The Indiana State Museum and Historic Sites provides visitors with thousands of ways to experience the story of Indiana. At all 12 locations, visitors can discover the stories of real Hoosiers who changed the course of our state, and step inside some of the real buildings where history was made.
Renee Bruck, Manager of Communication
INDIANAPOLIS (June 12, 2018) – Summer is here, and that means one thing: Road trips.
Families on a budget can have summer adventures right in their own backyards, exploring places they’ve never been to - or old favorites! - that are less than a tank of gas away.
The Indiana State Museum and Historic Sites has 12 locations statewide, offering a variety of day trip options for every interest, from nature and art to history and architecture. For families in need of inspiration to explore the state this summer, check out these 12 options that will get you out of the city and into a new experience – plus, one that’s right here in Indianapolis.
Share your adventures on social media by posting a photo from any of our locations using #IndianaExplored, and you'll be entered to win a four pack of tickets to explore another of our sites. Drawings will take place weekly throughout June and July. Winners will be announced on the Indiana State Museum's Facebook, Twitter and Instagram.
Angel Mounds State Historic Site, Evansville - 165 miles (3 hours) from downtown Indy
Note: Angel Mounds is in the Central time zone.
At this location, visitors become immersed in 1,000-year-old Native American culture at this incredible site featuring earthen mounds built by a Mississippian society. Updated experiences inside the Visitor Center provide an interactive walkthrough of the history of the site and other cultures that lived in the area over time with casts of real Native American artifacts that visitors can touch. Never-before-seen artifacts found at the location are also on display for the first time.
Corydon Capitol State Historic Site, Corydon - 132 (2 hours) from downtown Indy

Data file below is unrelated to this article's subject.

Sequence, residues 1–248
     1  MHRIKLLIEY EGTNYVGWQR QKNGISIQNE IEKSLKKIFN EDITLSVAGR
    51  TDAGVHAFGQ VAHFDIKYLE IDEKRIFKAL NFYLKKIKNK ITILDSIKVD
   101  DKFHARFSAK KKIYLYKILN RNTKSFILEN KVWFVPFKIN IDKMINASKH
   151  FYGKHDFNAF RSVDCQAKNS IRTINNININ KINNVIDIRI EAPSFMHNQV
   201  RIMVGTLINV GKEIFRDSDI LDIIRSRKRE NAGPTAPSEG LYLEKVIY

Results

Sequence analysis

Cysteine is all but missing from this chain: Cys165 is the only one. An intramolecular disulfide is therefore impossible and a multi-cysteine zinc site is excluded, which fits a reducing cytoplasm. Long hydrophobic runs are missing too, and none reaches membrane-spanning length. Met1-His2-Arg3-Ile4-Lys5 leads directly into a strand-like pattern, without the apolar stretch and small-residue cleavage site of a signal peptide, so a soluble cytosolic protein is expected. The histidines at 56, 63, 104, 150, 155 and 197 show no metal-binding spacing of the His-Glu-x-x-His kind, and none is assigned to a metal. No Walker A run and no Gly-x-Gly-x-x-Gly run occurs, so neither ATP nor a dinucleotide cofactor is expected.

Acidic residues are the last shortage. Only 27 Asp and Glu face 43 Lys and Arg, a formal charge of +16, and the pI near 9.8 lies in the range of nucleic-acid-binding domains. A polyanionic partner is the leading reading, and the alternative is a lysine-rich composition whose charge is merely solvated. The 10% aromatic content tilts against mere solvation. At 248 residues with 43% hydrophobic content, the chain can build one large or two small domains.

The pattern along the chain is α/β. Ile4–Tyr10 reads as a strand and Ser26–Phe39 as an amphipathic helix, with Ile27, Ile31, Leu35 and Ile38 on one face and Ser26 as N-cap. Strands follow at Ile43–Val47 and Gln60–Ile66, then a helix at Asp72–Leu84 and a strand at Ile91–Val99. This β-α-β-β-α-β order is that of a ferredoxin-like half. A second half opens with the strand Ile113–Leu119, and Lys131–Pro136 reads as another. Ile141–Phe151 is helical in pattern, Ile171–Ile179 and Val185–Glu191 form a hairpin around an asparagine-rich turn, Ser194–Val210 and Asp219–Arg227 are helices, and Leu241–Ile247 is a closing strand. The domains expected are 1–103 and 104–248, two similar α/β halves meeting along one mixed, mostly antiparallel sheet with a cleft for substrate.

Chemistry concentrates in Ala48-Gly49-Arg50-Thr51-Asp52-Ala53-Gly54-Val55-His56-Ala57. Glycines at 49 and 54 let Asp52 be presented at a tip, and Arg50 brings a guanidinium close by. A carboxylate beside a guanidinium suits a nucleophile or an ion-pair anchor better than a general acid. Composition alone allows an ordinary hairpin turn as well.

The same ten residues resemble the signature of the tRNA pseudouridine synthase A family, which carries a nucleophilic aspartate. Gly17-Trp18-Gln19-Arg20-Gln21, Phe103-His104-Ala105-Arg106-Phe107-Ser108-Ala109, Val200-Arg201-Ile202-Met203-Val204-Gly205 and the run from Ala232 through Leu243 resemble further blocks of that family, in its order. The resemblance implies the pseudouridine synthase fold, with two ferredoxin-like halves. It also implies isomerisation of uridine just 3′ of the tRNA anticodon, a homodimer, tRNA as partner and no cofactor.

At Corydon, visitors learn all about Indiana’s first state capital – and can still tour the state’s first capitol building, built from limestone and logs from 1814 to 1816. Exploring the governor’s mansion gives visitors a taste of what life was like in the 1820s, both for a family as well as for political leaders of the time. Plus, fun events like a Murder Mystery Dinner in August or the Capitol Ball in September provide an opportunity to enjoy an evening out.
Culbertson Mansion State Historic Site, New Albany – 116 miles (less than 2 hours) from downtown Indy
Featuring fantastic architecture and gorgeous walls and ceilings, this picture-perfect mansion is ideal for those who love art, architecture or incredible stories about real people who have impacted their communities. William Culbertson was extremely wealthy – with the house to prove it – but also gave back to the local community in New Albany, funding the construction of a widows’ home, founding an orphans’ home, and serving in civic affairs. In fact, his endowment still funds local programs today, continuing his culture of benevolence long after his death.
Gene Stratton-Porter State Historic Site, Rome City - 156 miles (2 hours 30 minutes) from downtown Indy
This location offers a stunning natural setting with views of Sylvan Lake, the vibrant Wildflower Woods and special gardens started by Hoosier author Gene Stratton-Porter herself. Visitors can tour her cabin and learn about how she used nature as her laboratory while studying and writing about birds, plants and more. A woman ahead of her time, this site tells the story of Gene’s career, independence and innovation at a time when women were expected to fulfill only certain roles.
Indiana State Museum, Indianapolis – Less than one mile (just a 5 minute drive) from Monument Circle in Indy
This summer, families can spend a day exploring right in their own backyards in Indianapolis. The Indiana State Museum is located in beautiful White River State Park, and it offers two floors of permanent experiences and one floor of changing experiences, where visitors can immerse themselves in Indiana art, culture, history, science and more. Kids will enjoy the hands-on science in the newly renovated R. B. Annis Naturalist’s Lab before winding their way through a chilled ice tunnel and marveling at real mastodon bones in one of the newest experiences, “Frozen Reign: A State of Change.” Visitors can get up-close with original Hoosier art in the temporary experience “Lois Main Templeton: A Reinvented Life,” open through Aug. 5, or enjoy a beautiful walk along the outside of the building to see unique art representing all 92 Indiana counties.
Lanier Mansion State Historic Site, Madison - 102 miles (less than 2 hours) from downtown Indy